Review: A beautiful mind in ‘The Other Place’

This is the beauty of this play; what appears ordinary on the surface is anything but, and we find ourselves asking questions, contemplating the various actions the characters are taking which all appear right, yet seem to further deepen the pain, negative consequences.

In Review

The Other Place

4 out of 5 stars
4 out of 5 stars - 'Smashing'
Directed by Loretta Greco
Starring Donald Sage Mackay, Carrie Paff, Henny Russell, Patrick Russell
Written by Sharr White
magictheatre.org
Review by
Henny Russell as Juliana in the West Coast premiere of Shar White’s The Other Place.

Definitely: Sharr White continues to impress. Last season the playwright brought us the unique Annapurna, and now he delivers an equally compelling work in The Other Place, an intense one act play that opened last week at the Magic Theatre in San Francisco. Once again Sharr dances with the artifice of memory and regret. The result is 80 minutes of poignant theatre that flat out refuses to let us out of its grip. And that final scene! It would seem trite or cliche even if I tried to describe it here, but that emotional wallop is an exclamation mark on an engrossing and emotional night out at the theater.

Ergo, A Beautiful Mind?

Meet Juliana (Henny Russell, in an outstanding performance), a 52 year-old scientist in the throws of a separation, either on the verge of a major breakthrough for her patented protein therapy, or about to succumb to the trauma of horrors past. The play opens with her giving a PowerPoint presentation on the new drug at a conference in a resort in beautiful St. Thomas. A young woman, oddly dressed only in a yellow string bikini amongst a sea of men, continually challenges her focus during the pitch. Here Sharr employs a most interesting style of story-telling by interjecting cut-scenes between the opening monologue — a structure that would appear immediately familiar in a movie. Actors walk onto the small thrust stage at Magic, establishing meetings in a hospital, arguments in a home, before the lights once agin brighten and Russell continues with her distracted presentation (replete with projector and detailed scientific visuals of genes). It works exceptionally well. We learn that her husband (Donald Sage Mackay) is a successful oncologist. And yet despite their apparent success, their daughter (Carrie Paff) is inexplicably estranged.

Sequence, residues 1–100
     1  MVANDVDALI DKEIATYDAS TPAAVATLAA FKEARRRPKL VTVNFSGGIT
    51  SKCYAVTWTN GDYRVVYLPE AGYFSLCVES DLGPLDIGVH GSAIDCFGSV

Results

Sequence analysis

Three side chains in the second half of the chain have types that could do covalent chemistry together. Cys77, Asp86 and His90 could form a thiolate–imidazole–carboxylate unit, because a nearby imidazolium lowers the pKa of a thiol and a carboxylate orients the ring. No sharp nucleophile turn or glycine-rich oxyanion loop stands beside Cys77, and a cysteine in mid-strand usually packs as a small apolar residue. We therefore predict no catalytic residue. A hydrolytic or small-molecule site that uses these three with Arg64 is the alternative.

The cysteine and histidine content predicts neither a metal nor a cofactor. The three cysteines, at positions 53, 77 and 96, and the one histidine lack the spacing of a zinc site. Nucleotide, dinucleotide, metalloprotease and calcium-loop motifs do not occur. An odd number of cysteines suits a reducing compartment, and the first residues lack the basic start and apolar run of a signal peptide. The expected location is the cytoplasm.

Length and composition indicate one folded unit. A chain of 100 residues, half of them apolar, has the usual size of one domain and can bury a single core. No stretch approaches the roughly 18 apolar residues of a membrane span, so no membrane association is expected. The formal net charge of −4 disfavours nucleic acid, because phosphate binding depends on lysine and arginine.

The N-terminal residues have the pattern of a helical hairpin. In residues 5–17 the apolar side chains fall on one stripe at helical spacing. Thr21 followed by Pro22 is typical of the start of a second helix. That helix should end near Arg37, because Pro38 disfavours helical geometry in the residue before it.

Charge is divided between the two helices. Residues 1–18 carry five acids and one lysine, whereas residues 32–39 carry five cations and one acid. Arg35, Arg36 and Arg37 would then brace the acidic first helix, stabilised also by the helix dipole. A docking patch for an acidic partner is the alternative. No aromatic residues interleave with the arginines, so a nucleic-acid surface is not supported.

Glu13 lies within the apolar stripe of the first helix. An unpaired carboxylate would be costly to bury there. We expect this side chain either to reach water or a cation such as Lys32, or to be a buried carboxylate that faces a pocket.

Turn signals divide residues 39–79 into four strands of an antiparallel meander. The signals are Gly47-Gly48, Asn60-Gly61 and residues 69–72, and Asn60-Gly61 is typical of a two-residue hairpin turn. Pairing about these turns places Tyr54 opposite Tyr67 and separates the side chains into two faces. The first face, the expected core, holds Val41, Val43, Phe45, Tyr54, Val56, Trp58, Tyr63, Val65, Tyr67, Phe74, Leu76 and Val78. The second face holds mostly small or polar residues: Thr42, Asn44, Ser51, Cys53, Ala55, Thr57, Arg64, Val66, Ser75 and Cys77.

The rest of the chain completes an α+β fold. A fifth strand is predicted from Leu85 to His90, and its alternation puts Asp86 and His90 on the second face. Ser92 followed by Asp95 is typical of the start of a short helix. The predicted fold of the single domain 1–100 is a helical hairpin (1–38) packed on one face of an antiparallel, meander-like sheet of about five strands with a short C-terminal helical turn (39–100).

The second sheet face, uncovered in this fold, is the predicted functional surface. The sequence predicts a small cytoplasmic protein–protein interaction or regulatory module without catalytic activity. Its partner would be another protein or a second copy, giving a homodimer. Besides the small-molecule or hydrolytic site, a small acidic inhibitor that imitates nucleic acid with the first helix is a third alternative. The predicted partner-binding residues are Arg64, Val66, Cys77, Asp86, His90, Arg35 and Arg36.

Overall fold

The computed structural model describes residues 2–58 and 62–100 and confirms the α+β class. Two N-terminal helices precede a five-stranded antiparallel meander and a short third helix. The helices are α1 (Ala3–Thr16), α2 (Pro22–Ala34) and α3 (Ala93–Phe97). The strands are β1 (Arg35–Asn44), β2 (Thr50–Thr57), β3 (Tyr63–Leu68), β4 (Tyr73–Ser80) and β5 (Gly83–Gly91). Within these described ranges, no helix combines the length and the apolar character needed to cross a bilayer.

Entertaining enough, but by the half-way mark I was somewhat nonplussed. This is too domestic I thought. There’s no shortage of conversation that degenerates quickly into yelling matches. Divorce proceedings limp along, and we’re unwitting witnesses to the anger that hangs in the air constantly.

Now, there is a twist. Or maybe it’s not a twist. I’m not sure – it depends on your perception. Soon enough, all becomes clear(er).

This is the beauty of this play; what appears ordinary on the surface is anything but, and we find ourselves asking questions, contemplating the various actions the characters are taking which all appear right, yet seem to further deepen the pain, negative consequences.

I thought the lighting (Eric Southern) and sound (Brandon Wolcott), though subtle, were exemplary. There’s a lot of cues and marks in this play, and the execution appeared near flawless (there were a few minor issues with the PowerPoint slides, but isn’t that just the way it always is in real life anyways?). The stage is bathed in hospital-like whites, with glowing backdrop, before transforming into a stranger’s home in Cape Cod. What are we doing here?

A woman in-between the sky and the earth…

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